Located near the city of Las Cruces, at the northern end of the Chihuahuan Desert, stretch the brilliant white expanses of the White Sands National Monument. The largest gypsum dune field in the world is located at an altitude of around 3,900 to 4,100 m and covers an area of around 300 km². By the way: Even if this natural wonder seems quiet at first glance – the dunes are among the most active ones in the world, moving about 9 m per year!
The silhouette of the prominent Shiprock Peak is visible in all directions already from a distance of 80 km. The 482 m high colossus emerged as a remnant of an eroded volcanic plume and got its name because of its optical resemblance to a clipper ship. For the Navajo, it is a sacred mountain, and therefore cannot be climbed without permission.
In the Bisti Badlands in arid northwestern New Mexico, you'll feel like you're standing on another planet. The oddly shaped mushrooms of colored sandstone and shale called "hoodoos" rank among the most unusual rock formations in the United States. They are the remains of a swamp that stretched across the area millions of years ago and today offer an otherworldly natural spectacle.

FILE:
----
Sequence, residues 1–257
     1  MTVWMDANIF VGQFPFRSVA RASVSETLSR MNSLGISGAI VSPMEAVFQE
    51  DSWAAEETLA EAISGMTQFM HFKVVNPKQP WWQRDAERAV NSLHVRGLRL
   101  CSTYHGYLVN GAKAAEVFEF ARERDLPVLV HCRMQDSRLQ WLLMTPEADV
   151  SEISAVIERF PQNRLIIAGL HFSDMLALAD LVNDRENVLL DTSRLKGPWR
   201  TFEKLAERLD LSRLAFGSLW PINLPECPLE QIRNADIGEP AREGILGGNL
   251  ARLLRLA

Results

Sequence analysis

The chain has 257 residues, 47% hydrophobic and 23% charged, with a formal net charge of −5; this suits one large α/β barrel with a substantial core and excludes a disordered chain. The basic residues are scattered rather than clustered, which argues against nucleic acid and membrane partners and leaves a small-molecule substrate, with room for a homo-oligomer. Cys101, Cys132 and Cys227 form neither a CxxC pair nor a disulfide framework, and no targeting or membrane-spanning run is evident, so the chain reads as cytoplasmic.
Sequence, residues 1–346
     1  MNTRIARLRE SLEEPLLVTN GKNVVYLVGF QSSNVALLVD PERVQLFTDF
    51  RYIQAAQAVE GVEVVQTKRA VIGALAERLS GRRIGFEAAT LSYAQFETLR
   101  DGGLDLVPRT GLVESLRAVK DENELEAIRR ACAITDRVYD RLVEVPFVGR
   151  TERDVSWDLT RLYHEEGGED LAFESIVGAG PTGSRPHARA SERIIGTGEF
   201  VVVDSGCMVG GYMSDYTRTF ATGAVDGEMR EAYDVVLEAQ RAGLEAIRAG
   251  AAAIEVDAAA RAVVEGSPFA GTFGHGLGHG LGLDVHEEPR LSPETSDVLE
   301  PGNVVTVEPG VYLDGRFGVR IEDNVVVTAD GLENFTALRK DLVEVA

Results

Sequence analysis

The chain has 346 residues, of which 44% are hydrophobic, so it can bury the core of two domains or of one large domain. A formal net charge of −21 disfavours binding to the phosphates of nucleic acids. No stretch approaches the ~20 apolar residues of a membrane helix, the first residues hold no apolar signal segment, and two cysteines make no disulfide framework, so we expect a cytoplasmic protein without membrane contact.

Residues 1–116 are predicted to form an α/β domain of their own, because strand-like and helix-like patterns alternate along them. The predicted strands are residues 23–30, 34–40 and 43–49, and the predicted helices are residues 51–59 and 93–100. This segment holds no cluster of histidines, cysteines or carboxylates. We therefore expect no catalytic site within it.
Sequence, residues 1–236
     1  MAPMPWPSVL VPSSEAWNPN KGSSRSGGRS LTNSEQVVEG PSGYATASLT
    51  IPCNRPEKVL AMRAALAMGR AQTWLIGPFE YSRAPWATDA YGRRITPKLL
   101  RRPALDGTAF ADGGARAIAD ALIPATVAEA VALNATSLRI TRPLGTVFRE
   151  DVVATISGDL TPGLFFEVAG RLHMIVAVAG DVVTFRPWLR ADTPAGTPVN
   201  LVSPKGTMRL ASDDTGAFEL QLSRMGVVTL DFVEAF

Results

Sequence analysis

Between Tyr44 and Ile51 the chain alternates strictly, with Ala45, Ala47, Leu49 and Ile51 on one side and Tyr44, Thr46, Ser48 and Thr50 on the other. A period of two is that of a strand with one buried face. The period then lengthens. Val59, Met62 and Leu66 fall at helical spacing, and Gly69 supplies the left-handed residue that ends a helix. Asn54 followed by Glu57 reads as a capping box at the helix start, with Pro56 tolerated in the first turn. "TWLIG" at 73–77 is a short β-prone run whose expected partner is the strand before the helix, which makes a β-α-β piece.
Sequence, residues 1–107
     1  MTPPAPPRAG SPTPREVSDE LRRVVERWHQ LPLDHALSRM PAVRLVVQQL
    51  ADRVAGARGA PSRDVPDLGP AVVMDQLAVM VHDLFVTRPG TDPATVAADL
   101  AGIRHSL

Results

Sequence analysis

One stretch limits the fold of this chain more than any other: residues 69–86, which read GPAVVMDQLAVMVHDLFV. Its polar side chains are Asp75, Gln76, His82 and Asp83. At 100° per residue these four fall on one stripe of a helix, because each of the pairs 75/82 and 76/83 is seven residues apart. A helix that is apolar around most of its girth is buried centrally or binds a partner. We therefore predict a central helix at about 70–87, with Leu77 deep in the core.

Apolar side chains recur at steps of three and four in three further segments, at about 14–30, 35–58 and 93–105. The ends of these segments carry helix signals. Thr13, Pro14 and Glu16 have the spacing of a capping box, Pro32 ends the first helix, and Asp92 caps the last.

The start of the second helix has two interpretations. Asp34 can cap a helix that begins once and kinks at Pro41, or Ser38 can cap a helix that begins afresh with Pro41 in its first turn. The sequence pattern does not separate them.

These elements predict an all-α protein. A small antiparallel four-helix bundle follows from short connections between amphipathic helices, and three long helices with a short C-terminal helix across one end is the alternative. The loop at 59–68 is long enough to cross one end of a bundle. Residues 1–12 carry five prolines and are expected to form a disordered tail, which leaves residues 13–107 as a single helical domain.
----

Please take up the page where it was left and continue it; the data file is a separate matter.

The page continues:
The following places in New Mexico are must-sees and should definitely be added to your travel list:
New Mexico is full of fascinating places. These are the top city highlights for your sightseeing trip through the Land of Enchantment:
If you're an art lover or interested in Native American history, especially Pueblo culture, Santa Fe will have you covered.
Embark on an exploration of the city's many fascinating museums, where you can learn all about the long history of New Mexico's capital and admire stunning paintings.
If you're craving a fiery chili or burritos afterward, you'll find plenty to choose from in Santa Fe's excellent restaurant scene. These city highlights await you in Santa Fe: